Top Stories

August 25, 2021


Apparel, finance, fossil fuels ranked as most water-polluting sectors

Environmental disclosure platform CDP has published its first ever Water Impact Index in a bid to improve investor understanding of water-related risks. The first-of-its kind study ranked more than 200 industrial activities based on their impact on global water quality and quantity, with the purpose of measuring the water footprint of different industries. The study found the apparel and textile manufacturing sectors, cotton farming, livestock farming, oil and gas extraction, and mining are among the sectors with the largest potential impact on the world's rivers, lakes, aquifers, and streams. The finance sector is also singled out in the index as having a critical impact on global water resources, due to its role as an enabler of other industries' water pollution and damage and obstruction of waterways. (Business Green)


Iberdrola teams up with AECOM on green hydrogen rail link in Italy

Spanish renewables group Iberdrola will be teaming up with US infrastructure consultant AECOM and others on plans to convert an Italian railroad to run on green hydrogen. The 300-kilometre railway link, which crosses four central Italian regions, is only partially electrified and is currently used by old diesel-powered trains. The project is intended to have big environmental impact, as well as significant economic and social effects. It is one in a series of projects Iberdrola is working on to produce hydrogen from renewable electrolysis and supply it for various uses including heavy transport and the chemicals industry. The agreement with AECOM also includes a feasibility study to develop a hydrogen-powered rail link connecting the seaside town of San Benedetto del Tronto on Italy's eastern coast to Rome. (Reuters)


Chevron, Brightmark expand partnership on dairy biomethane fuel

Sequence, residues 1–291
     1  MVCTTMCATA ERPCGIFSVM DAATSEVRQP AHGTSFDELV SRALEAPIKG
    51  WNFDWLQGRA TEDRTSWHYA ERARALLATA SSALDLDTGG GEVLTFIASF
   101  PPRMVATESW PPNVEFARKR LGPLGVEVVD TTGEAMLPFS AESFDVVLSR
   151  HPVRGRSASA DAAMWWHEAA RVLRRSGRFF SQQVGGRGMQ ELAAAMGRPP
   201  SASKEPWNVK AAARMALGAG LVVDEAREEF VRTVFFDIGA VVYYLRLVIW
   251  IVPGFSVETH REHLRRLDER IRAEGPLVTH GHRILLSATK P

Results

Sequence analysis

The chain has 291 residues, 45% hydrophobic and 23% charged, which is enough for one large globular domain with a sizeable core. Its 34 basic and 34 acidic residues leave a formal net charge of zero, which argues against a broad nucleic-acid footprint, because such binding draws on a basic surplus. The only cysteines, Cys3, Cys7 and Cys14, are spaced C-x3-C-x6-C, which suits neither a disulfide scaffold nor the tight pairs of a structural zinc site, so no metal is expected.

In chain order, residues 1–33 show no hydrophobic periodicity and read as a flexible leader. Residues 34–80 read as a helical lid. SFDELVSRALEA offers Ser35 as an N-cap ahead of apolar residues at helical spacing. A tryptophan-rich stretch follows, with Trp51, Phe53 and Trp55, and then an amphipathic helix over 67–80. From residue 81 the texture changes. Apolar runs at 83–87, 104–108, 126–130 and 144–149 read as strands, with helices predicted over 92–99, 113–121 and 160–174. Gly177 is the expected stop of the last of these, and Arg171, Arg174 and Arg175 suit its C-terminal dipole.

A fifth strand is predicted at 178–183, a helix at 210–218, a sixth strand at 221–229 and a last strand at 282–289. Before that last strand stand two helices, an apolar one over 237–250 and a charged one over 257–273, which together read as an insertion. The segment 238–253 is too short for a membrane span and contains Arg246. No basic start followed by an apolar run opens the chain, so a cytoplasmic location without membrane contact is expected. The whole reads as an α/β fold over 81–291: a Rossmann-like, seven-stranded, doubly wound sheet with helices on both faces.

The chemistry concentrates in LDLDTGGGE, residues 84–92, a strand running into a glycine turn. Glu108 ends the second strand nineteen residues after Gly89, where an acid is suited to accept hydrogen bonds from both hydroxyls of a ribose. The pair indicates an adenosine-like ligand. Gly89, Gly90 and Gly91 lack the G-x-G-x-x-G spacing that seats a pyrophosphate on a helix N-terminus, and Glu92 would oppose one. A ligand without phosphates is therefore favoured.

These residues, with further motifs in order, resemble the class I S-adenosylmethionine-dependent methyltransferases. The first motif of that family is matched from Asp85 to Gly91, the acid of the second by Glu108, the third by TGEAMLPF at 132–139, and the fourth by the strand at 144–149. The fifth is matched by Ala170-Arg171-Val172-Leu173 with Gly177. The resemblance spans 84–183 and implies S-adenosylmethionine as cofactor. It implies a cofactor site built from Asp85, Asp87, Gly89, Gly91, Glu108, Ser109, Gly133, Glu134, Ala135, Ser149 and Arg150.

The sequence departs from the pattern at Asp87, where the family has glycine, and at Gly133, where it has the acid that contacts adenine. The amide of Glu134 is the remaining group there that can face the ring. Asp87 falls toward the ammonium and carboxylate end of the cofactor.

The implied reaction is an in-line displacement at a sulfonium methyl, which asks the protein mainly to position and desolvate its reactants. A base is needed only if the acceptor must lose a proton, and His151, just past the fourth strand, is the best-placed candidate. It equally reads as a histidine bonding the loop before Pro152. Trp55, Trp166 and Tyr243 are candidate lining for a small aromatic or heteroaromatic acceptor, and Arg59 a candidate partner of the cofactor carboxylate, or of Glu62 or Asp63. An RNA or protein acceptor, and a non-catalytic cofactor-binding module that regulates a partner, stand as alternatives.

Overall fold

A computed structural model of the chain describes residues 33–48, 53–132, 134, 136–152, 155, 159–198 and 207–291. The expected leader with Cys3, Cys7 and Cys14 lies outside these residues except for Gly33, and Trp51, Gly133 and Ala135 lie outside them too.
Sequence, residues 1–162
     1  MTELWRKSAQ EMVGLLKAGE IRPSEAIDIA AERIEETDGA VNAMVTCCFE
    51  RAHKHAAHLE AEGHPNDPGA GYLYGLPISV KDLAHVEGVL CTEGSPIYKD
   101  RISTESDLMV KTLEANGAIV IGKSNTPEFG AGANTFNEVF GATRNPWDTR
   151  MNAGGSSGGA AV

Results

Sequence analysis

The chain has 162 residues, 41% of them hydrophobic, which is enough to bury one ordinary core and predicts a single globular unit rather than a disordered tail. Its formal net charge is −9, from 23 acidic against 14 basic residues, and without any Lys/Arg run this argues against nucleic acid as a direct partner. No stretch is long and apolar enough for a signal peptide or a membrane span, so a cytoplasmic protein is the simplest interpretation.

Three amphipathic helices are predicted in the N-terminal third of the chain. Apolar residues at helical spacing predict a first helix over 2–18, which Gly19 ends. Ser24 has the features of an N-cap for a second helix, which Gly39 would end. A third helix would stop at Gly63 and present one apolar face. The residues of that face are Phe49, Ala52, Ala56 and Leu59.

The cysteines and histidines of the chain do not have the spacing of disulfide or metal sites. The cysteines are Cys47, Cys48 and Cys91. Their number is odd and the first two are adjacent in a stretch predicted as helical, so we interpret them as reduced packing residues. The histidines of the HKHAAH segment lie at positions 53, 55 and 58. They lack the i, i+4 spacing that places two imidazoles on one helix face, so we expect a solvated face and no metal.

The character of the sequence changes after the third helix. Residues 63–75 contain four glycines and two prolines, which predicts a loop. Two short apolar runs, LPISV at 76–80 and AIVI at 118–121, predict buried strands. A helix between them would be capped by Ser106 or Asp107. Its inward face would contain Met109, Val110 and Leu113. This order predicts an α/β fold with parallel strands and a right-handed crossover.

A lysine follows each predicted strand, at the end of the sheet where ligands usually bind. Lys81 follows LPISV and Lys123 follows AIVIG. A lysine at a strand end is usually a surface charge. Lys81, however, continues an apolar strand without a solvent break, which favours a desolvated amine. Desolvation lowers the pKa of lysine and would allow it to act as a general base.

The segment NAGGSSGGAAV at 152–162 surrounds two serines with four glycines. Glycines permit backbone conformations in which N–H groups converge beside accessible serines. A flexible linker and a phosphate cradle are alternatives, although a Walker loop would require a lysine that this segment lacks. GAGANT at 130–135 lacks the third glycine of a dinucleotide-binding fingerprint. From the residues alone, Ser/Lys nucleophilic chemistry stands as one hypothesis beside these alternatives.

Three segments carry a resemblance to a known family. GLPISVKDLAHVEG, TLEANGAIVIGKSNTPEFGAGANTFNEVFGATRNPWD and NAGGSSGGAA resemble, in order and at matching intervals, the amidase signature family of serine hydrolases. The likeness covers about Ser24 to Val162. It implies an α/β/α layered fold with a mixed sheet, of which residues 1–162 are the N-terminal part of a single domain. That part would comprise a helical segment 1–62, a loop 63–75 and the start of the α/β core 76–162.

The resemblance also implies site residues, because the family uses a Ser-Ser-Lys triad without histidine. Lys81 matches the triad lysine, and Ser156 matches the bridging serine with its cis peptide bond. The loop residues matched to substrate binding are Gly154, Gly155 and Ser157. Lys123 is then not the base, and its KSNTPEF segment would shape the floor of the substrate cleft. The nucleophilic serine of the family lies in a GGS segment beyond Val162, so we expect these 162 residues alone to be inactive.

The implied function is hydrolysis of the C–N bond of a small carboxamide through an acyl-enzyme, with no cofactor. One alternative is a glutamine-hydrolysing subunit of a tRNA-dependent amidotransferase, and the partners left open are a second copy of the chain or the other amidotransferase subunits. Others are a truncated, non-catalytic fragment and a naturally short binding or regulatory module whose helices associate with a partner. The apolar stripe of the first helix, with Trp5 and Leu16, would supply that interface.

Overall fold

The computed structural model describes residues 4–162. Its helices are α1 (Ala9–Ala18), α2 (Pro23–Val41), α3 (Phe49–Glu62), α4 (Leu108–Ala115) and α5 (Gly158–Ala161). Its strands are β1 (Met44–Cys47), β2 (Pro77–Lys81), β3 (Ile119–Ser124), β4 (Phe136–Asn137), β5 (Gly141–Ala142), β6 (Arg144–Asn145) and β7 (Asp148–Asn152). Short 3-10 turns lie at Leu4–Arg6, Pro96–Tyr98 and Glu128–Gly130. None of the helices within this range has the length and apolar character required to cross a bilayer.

Waste solutions provider Brightmark and energy major Chevron have announced the second expansion of their previously announced joint venture to own projects across the United States to produce and market dairy biomethane, a renewable natural gas produced from cow manure, as part of Chevron’s efforts to reduce its carbon footprint. Additional equity investments by each company in the joint venture will fund construction of infrastructure and commercial operation of 10 projects to produce dairy biomethane to fuel long-haul trucks. The companies are already developing 28 plants in seven states, with the first set to begin production this year. Chevron will purchase the renewable natural gas produced from these projects and market the volumes for use in vehicles operating on compressed natural gas. (Bloomberg; Business Wire)


Wool from Waitrose lambs to be used for John Lewis mattresses

Unwanted wool from lambs reared by farmers in Wales and south-west England for supermarket chain Waitrose is being turned into environmentally friendly mattresses for retailer John Lewis. Waitrose said farmers were struggling to find buyers for their wool, with the price paid often not even covering shearing costs, leading to the material sometimes being burned or buried. The tough market conditions have been made worse by the pausing of exports to China, a key wool buyer, during the pandemic. The retailer said the tie-up with its sister chain would prevent this waste and hopefully stimulate interest in wool products. Duvets, pillows and mattresses made out of wool are biodegradable and have become a fashionable alternative to mainstream synthetic versions, with specialist brands, such as Woolroom, gaining ground in the market. (The Guardian)


Dangerous weight loss products for sale online with no health

The consumer group Which? has found dozens of “dangerous” weight loss products on sale online containing plant extracts that can make users agitated or aggressive and increase their heart rate and blood pressure. Which? bought nine such products, which are used by some people seeking to lose weight, bodybuilders and gym-goers, through the online marketplaces eBay, Wish and AliExpress. Of those, two included no health warnings or dosage information. They all contained either yohimbine or synephrine, substances that the Medicines and Healthcare products Regulatory Agency (MHRA) has said have “considerable potential to cause harm if used without medical supervision or advice”. Which?’s head of consumer protection policy called on the MHRA and other regulators to be more proactive in policing potentially dangerous products that are for sale on these sites. (The Guardian)


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Sustainability Senior Consultant, North America

Sustainability Senior Researcher, North America